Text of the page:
As the hulking Babe stood in the bedroom of Benny “The Jet” Rodriguez” the night before the fleet of-foot hero decided to pickle the beast, he reminded him that “there’s heroes and there’s legends. Heroes get remembered, but legends never die.” As seminal childhood classic The Sandlot prepares to celebrate 20 years since it hit theaters on April 7, there are undeniable reasons why the film transcends gender, age and affinity for America’s national pastime. Peppered throughout a rather simply crafted narrative – where hapless “goofus” Scotty Smalls found himself new in town and completely friendless – the aforementioned and popular Jet served as his clean-up-hitting-Yoda as he’s introduced to the rest of the squad. Somehow, that childhood whimsy and uninhibited attitude is still relevant to the modern man who is now somewhere between 25 and 40-years-old.
The Sandlot isn’t merely a metaphor for life, it’s an explicit rule book in the same way athletes know that the pitchers mound is 60 feet 6 inches from home, and that there’s no absolutely no pepper allowed near a Major League ball field. Hidden amongst the pilfered pool smooches, gut busted baseballs, tobacco-induced puking and “s’more of nothing,” are morals and principles everyone can follow.
Bespeckled pain in the ass Michael “Squints” Palledorous had guts in place of hawkeye vision. There’s something to be said for allowing one’s gusto to lead important life decisions. When you’re 12/13-years-old, you don’t think of five year plans; the moment is just that – a split second where your follow-through either leads to success or failure. People would be wise to chase the seemingly unreachable idea – a la Wendy Peffercorn – instead of always taking the safe route and settling for the shallow end.
“Michael Squints Palledorous walked a little taller that day. And we had to tip our hats to him. He was lucky she hadn’t beat the *crap* out of him. We wouldn’t have blamed her. What he’d done was sneaky, rotten, and low… and cool. Not another one among us would have ever in a million years even for a million dollars have the guts to put the move on the lifeguard. He did. He had kissed a woman. And he had kissed her long and good. We got banned from the pool forever that day. But every time we walked by after that, the lifeguard looked down from her tower, right over at Squints, and smiled.”
From the moment we’re all old enough to walk, we’re constantly challenging each other to feats of physicality. From there, bouts of intellectual brilliance fuel us to constantly innovate and be better than the person in the cubicle next to us, the staff in the office across the street or the opponent across the globe who had inspiration strike at the same moment that we did. Competition is what makes sports so universal, and is the distinct and more likeable cousin to “hatred.” Competing for that hard earned victory is far nobler than sitting on the side and hating those who got the outcome you so direly wanted.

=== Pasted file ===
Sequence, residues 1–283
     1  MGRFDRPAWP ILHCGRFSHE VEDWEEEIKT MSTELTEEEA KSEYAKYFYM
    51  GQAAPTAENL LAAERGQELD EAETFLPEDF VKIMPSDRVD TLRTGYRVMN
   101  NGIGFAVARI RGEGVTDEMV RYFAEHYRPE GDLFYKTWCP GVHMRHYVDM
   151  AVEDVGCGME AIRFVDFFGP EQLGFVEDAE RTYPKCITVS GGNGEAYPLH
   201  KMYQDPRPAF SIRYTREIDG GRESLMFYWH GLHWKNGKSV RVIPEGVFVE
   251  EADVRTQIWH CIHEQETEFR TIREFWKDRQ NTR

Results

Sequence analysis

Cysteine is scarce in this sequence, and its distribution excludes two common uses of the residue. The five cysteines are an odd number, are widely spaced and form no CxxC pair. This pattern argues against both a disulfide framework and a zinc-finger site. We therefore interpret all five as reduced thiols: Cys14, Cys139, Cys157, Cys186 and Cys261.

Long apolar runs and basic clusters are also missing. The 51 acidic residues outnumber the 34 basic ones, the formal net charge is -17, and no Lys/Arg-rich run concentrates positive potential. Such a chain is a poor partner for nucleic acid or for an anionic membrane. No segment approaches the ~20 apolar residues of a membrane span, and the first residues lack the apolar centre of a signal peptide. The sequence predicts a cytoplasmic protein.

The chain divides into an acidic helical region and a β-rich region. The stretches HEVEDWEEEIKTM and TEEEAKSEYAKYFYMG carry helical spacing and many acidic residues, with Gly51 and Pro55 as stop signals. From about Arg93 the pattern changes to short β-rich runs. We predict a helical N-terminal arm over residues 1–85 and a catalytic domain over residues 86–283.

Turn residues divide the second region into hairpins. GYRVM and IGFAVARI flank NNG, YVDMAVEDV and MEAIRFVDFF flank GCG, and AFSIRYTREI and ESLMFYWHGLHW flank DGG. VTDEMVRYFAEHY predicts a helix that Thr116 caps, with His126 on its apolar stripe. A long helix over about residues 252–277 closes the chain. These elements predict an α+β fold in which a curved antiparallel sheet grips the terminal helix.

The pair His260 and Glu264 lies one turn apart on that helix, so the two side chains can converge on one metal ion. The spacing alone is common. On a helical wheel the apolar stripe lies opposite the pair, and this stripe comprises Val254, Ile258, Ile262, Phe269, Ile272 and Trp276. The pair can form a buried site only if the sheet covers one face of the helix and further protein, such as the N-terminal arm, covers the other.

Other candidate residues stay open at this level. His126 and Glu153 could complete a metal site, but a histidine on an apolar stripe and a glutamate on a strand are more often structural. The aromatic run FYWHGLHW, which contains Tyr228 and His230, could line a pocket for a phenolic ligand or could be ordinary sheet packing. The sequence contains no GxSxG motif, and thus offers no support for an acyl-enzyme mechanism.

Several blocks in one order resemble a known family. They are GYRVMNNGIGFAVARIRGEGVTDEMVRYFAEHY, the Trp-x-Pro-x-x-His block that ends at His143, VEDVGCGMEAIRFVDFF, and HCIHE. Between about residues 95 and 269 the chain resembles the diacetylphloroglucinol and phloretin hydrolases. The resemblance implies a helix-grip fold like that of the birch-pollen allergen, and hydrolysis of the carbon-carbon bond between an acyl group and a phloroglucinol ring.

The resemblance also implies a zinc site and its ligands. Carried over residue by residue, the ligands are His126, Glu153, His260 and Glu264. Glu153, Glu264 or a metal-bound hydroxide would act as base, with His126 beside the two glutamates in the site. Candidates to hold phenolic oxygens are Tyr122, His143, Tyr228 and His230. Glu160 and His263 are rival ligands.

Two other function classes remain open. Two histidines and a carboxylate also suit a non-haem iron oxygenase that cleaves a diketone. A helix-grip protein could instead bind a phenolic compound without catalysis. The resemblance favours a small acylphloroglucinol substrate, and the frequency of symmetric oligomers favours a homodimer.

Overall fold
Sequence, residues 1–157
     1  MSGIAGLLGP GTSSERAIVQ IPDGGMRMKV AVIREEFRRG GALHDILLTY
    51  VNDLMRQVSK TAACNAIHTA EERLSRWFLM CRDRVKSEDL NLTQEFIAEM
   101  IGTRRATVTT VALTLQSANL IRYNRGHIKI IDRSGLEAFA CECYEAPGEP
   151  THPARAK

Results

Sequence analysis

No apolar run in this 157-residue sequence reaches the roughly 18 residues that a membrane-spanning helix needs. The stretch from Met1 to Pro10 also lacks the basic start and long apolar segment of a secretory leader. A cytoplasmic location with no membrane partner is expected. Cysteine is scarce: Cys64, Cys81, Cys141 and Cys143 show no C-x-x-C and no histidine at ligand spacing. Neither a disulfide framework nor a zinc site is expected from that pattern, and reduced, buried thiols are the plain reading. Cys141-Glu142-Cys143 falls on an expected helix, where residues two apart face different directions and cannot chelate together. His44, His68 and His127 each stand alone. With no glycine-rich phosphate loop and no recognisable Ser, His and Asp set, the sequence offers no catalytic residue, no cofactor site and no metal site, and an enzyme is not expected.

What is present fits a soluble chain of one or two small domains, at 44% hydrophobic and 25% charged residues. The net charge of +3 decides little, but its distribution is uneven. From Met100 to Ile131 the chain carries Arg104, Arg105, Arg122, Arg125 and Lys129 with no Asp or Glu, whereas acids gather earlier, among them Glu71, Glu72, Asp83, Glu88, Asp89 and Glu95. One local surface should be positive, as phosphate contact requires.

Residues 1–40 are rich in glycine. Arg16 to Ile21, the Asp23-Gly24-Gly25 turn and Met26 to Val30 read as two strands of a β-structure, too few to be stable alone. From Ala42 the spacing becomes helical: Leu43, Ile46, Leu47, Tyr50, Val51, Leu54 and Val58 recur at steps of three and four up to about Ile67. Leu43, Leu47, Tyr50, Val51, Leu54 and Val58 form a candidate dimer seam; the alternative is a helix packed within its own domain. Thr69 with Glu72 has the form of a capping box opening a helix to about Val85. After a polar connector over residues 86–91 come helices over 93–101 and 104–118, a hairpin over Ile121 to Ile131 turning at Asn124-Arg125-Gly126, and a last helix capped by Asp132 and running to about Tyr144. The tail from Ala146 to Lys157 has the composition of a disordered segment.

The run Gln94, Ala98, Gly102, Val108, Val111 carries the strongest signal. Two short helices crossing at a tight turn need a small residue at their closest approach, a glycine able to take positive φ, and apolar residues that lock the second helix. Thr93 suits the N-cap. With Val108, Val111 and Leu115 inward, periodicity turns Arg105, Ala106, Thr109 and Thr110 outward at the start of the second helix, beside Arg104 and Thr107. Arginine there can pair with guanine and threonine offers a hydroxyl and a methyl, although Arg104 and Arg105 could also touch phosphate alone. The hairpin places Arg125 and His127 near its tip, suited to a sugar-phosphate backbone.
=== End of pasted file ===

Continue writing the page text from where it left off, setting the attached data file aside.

“It’s easy when you play with rejects and a fat kid, Rodriguez.”
Trial and error is an integral part of growth and self-improvement. Parents often see their role as that of a steel umbrella or iron trench coat, but there’s far more a child can learn from feeling the sting of his/her ill-advised choices than never feeling the kaboom at all. While you could chalk up riding an amusement park attraction with a plug of chewing tobacco in your cheek as boyish naivety, that hindsight is seen clearer through eyes that have done far worse in the past and have grown from that ignorance. Boys will be boys…and so will a lot of middle aged men.
“Big Chief…the best.”
– Bertram Grover Weeks
There’s a kinship among adolescent males that’s indescribable. One moment you’re complete strangers, and in an instant as swift as a baseball traveling around the horn and smacking leather webbing, you’re best friends. High fives, ripped jeans and a lost baseball are the memories that will last, not that million dollar deal you pull off when no one is there to chop you back down to size.
“We all lived in the neighborhood for a couple of more years-mostly through junior high school-and every summer was great. But none of them ever came close to that first one. When one guy would move away, we never replaced him on the team with anyone else. We just kept the game going like he was still there.”
– Scott Smalls
I was 9-years-old when The Sandlot came out on VHS and I’ll love it for-ev-ver, for-ev-ver, for-ev-ver.